February 28, 2020
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Who’s least wasteful of them all?

Troy R. Bennett | BDN
Troy R. Bennett | BDN
Cory Fletcher (right) and Tyler Frank of Garbage to Garden empty barrels of food scraps at Eddie Benson's dairy farm in Gorham Wednesday afternoon where the scraps will be turned into compost.

George MacDonald, director of the Maine Department of Environmental Protection’s sustainability division, perceives trash differently from many people: If used right, it can be valuable. “Solid waste is not really a waste. It is a resource, and we can extract value out of that, either from recycling or composting,” he said.

It’s an idea with economic and environmental worth itself, considering that Maine is scheduled to run out of landfill space in about 12 years, based on disposal trends and available places to dump garbage.

A promising solution lies with finding ways to encourage the diverting of organic material, such as kitchen scraps and leaf and yard matter, away from the waste stream. The Maine Department of Environmental Protection estimates about 2 percent of the state’s total waste in 2011 was composted when as much as 40 percent could have been composted or processed outside of landfills.

Municipalities also can do more to encourage recycling, such as by charging per bag for trash disposal, as Bath has done, or using bins in public places to collect recyclables. A 2011 study of residential waste in 17 Maine communities revealed recyclable materials comprised about 20 percent of the trash thrown away.

Creating local composting programs or increasing acceptance of backyard composting — in addition to improving capture of recyclable paper, glass and plastics — could reduce the cost of solid waste disposal drastically. Here are some of many initiatives underway in Maine that residents and groups can emulate, build upon or utilize:

— There are nearly 150 licensed composting facilities in Maine, including some that compost fish and food wastes and others that compost sludge and septage. People may find one near them by visiting the DEP online. Towns should consider establishing composting facilities for leaf and yard waste or other organic matter if they haven’t already. Generated soil can be used within each community.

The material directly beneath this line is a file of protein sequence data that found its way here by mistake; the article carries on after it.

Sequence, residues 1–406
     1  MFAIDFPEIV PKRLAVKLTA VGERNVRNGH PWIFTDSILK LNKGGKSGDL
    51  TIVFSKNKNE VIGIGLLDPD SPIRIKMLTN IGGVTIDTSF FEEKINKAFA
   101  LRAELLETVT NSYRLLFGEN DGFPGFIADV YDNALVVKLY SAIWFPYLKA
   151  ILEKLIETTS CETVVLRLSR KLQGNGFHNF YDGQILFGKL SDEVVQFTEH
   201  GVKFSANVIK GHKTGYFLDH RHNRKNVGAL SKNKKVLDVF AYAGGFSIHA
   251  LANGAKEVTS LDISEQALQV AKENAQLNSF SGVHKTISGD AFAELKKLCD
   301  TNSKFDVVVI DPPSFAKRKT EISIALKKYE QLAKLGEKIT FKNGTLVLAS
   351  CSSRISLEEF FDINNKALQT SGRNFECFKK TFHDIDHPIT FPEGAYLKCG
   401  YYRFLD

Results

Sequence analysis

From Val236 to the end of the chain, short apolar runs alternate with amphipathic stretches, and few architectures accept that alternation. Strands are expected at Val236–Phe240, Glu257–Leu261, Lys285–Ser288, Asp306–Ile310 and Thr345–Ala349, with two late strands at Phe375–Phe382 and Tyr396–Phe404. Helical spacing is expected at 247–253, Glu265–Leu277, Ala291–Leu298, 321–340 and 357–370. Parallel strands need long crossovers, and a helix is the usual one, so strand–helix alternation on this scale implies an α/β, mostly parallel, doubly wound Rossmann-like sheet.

— Since the launch of the DEP’s Environmental Leader program in 2006, more than 150 lodging facilities, restaurants and grocers have been certified as green businesses for their environmentally friendly actions like recycling ink cartridges, used electronics, paper, plastic, glass, metal, cardboard and pallets; composting kitchen wastes; using only paper with at least 30 percent recycled content; collecting oil and grease for energy generation; and eliminating use of styrofoam. Is your business certified?

— Learn about Exeter Agri-Energy at Stonyvale Farm, which operates an anaerobic digestion system that turns animal and food waste into heat and electricity. The farm takes organic waste and is currently looking for business relationships with large food companies, seafood processors, restaurants, educational institutions, hospitals and solid waste trucking companies. It also sells its energy, liquid fertilizer, renewable energy certificates and clean animal bedding.

— Ecomaine is a nonprofit waste management company owned and operated by 21 municipalities in southern Maine. In addition to running a waste-to-energy plant, recycling center and landfill site, it has a number of good resources on its website. People can see their town’s recycling rate compared to other towns; nonprofits can pick up free collection receptacles for recyclables; and people can register to stop junk mail or phone books from being delivered to their house or business. Also in Portland, Garbage to Garden offers curbside compost pickup.

— The University of Maine, University of Maine at Farmington and the College of the Atlantic have joined the U.S. Environmental Protection Agency’s Food Recovery Challenge in 2013 and have pledged to reduce the amount of food waste going into disposal on their campuses. At some public K-12 schools, composting happens on site, and the soil is added to the schools’ gardens. In other areas, local farmers will take schools’ food discards to compost. Do you know what your school does, and are you involved?

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